A healthy living blog from Marshfield Clinic

Remdesivir: Is it a potential COVID-19 treatment?

COVID-19: Remdesivir drug - what you need to know

An Emergency Use Authorization has been issued for the remdesivir drug. What does that mean and is it a potential COVID-19 treatment?

In late April 2020, Dr. Anthony Fauci, director, National Institute of Allergy and Infectious Disease, made positive comments regarding the drug remdesivir and its ability to treat SARS-CoV2, the virus that causes the novel coronavirus COVID-19.

“The data shows that remdesivir has a clear-cut, significant, positive effect in diminishing the time to recovery,” said Fauci when referring to preliminary results of a National Institutes of Health trial that examined remdesivir’s ability to shorten the time patients show improvement when infected with COVID-19.

This trial has not yet been published and the exact details remain unknown. However, Dr. Fauci and the Food and Drug Administration (FDA) found the data significant enough to create an Emergency Use Authorization (EUA).

To help better understand remdesvir and its potential impact during the pandemic, we spoke with Logan Whitfield, PharmD, Marshfield Clinic Health System pharmacy antimicrobial stewardship coordinator.

What does the emergency use authorization mean?

An Emergency Use Authorization does not mean that the FDA has approved the drug.

“The EUA indicates FDA acknowledgement that there are few options for the COVID-19 treatment and remdesivir could possibly offer some benefit in critically or seriously ill patients with COVID-19.”

Now that the EUA exists, remdesivir distribution will be coordinated by the U.S. Government to ensure that facilities and cities most heavily affected by the COVID-19 receive the drug first. The exact methods that determine where need is highest are unknown at this time.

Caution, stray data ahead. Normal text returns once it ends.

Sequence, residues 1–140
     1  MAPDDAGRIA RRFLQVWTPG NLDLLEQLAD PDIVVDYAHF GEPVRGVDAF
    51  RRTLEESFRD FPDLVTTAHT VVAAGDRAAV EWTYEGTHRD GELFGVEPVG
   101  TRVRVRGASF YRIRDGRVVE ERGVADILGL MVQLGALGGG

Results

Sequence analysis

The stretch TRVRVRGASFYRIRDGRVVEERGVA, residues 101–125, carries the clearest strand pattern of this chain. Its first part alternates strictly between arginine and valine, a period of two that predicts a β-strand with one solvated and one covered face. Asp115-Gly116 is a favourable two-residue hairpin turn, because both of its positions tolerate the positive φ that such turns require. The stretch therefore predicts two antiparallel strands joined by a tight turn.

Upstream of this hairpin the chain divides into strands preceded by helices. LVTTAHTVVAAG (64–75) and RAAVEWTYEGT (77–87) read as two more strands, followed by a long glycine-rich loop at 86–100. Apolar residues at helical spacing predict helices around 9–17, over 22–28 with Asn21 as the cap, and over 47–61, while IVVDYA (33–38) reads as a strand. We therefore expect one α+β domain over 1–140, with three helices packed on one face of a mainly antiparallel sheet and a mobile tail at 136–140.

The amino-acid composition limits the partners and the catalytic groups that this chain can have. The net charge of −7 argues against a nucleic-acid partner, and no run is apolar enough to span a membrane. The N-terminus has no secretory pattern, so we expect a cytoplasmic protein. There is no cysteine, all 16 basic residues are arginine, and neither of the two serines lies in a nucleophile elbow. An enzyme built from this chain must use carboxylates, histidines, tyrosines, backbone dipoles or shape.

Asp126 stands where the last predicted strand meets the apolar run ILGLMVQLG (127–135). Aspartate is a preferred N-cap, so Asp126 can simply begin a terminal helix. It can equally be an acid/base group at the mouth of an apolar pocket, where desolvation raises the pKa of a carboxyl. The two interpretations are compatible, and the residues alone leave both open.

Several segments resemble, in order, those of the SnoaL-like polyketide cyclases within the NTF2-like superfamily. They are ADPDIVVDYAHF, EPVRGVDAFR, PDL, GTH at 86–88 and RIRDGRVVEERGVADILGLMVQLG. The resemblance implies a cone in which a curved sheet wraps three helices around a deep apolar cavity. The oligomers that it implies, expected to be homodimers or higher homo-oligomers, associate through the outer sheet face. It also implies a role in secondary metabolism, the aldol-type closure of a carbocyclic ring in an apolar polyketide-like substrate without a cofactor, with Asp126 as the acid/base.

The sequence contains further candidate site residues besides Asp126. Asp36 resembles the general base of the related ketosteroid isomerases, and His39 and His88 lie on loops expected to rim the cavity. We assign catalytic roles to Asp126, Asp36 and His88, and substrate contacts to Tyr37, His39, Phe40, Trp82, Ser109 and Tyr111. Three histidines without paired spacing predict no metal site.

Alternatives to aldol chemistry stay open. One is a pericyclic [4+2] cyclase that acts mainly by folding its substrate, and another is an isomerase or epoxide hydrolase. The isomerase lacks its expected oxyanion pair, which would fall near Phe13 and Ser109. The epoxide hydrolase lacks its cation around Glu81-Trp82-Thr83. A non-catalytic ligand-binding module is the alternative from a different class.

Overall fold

Whitfield noted that the FDA drug approval process often takes a long time. This is because without extensive study to ensure a drug is safe and effective, patients may be unintentionally harmed by drug side effects.

“Any decision to start remdesivir for severe COVID-19 should be done as a shared decision between the health care provider and the patient after all risks and benefits are weighed because there are still unknowns.”

How can you stay up-to-date about remdesivir?

Whitfield warned that there is plenty of misinformation out there about the drug. He recommends using trusted medical sources when looking for that latest information.

“The best resources for patients and their families regarding COVID-19 and remdesivir are located on the CDC webpage and the drug manufacturer’s webpage,” Whitfield said. “This information is constantly updated and is reliable.”

If you are using other resources for information, consider discussing this drug with your health care provider.

For more COVID-19 blog posts, click here.

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